There are martial drums, festive drums and temple drums. Each drum has its special tone and technique: some are struck by the hands alone; some are played with two sticks; and some are beaten with fingers on one side and a stick on the other, creating complex interwoven rhythms.
Piyasara Shilapadhipathi wrote: An examination of the village society in olden times would reveal that drums were used on special occasions during the life span of people, from their birth to the death. Drums, which were originally used, for pleasure and later for rituals, came to be used in the Buddhist Temples for the many ceremonies. At a later stage, Drums were also used as a means of communication. [Source: Piyasara Shilapadhipathi]
The Davula, Thammattama and the Bench Rabana have an important place in matters of communication. Some of these functions are: 1) Ana Bera — to inform the people about orders from the King; 2) Vada Bera — drums played when a criminal is taken for beheading; 3) Mala Bera — drums used in a funeral procession; and 4) Rana Bera — drums used by the army when going out to meet the enemy.
Duran Duran in Sri Lanka
Duran Duran made some classic rock videos in Sri Lanka from their album “Rio” that received heavy rotation on MTV in the early 1980s. The most heavily-played video was “Hungry Like a Wolf” filled with shots of jungles, rivers, elephants, cafes and marketplaces while evoking the mood and tome of an adventure films like “Raiders of the Lost Ark”. The video features Duran Duran singer Simon Le Bon pursuing a tiger-like woman. One shot of Le Bon's raising his head from the water pays homage to an identical shot in Apocalypse Now. The elephant scenes were shot at the Elephant orphanage at Pinnawala. The storyline of the video was inspired by lyrics "I'm on the hunt, I'm after you." The Tiger woman is a reference to an ancient Sri Lankan legend of a demonic figure who changes in a female leopard, devouring the men she seduces. A reference to this legend can be found in "The Last Colonial", a book by Sri Lankan born author Christopher Ondaatje. In the video and in Sri Lanka there are no wolves. [Source: Wikipedia]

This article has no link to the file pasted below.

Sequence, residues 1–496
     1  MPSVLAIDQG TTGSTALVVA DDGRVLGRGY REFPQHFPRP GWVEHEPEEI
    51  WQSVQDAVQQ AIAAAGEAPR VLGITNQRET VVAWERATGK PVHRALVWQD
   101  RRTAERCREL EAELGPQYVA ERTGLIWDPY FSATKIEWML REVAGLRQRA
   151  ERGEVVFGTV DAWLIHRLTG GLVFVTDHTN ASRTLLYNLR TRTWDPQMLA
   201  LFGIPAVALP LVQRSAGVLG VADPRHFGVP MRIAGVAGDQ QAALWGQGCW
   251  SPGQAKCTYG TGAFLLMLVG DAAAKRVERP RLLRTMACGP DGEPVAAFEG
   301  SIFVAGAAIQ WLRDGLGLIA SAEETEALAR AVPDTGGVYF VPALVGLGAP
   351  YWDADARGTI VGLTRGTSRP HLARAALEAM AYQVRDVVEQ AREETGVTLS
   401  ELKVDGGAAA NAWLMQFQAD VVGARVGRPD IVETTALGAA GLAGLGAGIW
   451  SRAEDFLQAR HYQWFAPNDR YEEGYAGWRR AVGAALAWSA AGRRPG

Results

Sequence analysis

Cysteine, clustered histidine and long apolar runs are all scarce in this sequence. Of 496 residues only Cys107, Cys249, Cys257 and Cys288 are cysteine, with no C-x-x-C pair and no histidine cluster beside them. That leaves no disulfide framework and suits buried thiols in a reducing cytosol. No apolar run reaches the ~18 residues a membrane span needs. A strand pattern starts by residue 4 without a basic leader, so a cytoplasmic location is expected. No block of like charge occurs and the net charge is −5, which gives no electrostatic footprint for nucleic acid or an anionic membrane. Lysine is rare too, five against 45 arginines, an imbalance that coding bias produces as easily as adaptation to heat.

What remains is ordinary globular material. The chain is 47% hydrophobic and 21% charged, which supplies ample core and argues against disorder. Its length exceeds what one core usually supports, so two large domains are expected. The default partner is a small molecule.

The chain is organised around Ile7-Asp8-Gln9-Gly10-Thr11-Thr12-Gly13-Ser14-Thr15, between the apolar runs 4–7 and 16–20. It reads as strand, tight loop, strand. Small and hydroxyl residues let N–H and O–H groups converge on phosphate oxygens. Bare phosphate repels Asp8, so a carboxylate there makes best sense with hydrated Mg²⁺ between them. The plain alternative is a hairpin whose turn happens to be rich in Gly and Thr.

Marc Weitz wrote in duranduran.com: I decided to go to Sri Lanka for the sole purpose of visiting the locations where Duran Duran filmed their music videos for “Hungry Like the Wolf,” “Save a Prayer,” and “Lonely In Your Nightmare.” In 1982, Duran Duran was larger than life. Prior to this, most music videos were performance pieces with a few flourishes thrown in. People like David Bowie were exceptions who added artsy touches. Then came Duran Duran with videos that were practically movies with adventure and cool stories. [Source: Marc Weitz, duranduran.com, December 30th, 2013]
Duran Duran chose Sri Lanka after one of their managers, Paul Berrow, vacationed there and loved it. At one point, he even wanted to build a temple for himself on Sri Lanka. The band members went to Sri Lanka with their girlfriends and said they had a blast while they were there. “Russell Mulcahy was hired to direct. “Hungry Like the Wolf” is one of Duran Duran’s biggest hits. The band has said that the video is like an Indiana Jones movie, but he’s looking for a girl for the night. Seventeen seconds into the video, we see Simon Le Bon sitting in an exotic café wearing a hat and glacier glasses. A bottle of liquor sits on the table while he shoos away a vendor with a monkey. The camera angle switches to the front, and he stands up in slow motion flipping the table dramatically, as we’ve seen in so many 80s videos. That scene was shot in the capital city, Colombo, in the Pagoda Tea Room. The Pagoda Tea Room is still open. It’s since been refurbished and now has a bland, white paint scheme with plastic tables and chairs. Still exotic, it’s located at 105 Chatham Street in the old area of Colombo called Fort. The final reunion scene of the video is shot here as well. Next Simon Le Bon walks through a bazaar. This was shot in the old market in the town of Galle. The market has since been redone and is not recognizable from the video. There is a short segment in the video where the band members are in a bar, elegantly dressed, and standing by a staircase. That scene was shot in the Amangalla Hotel in Galle (formerly the New Oriental Hotel). Most of the other scenes in the video are shot in the jungle or on the streets, not places that are easily recognizable or can be found.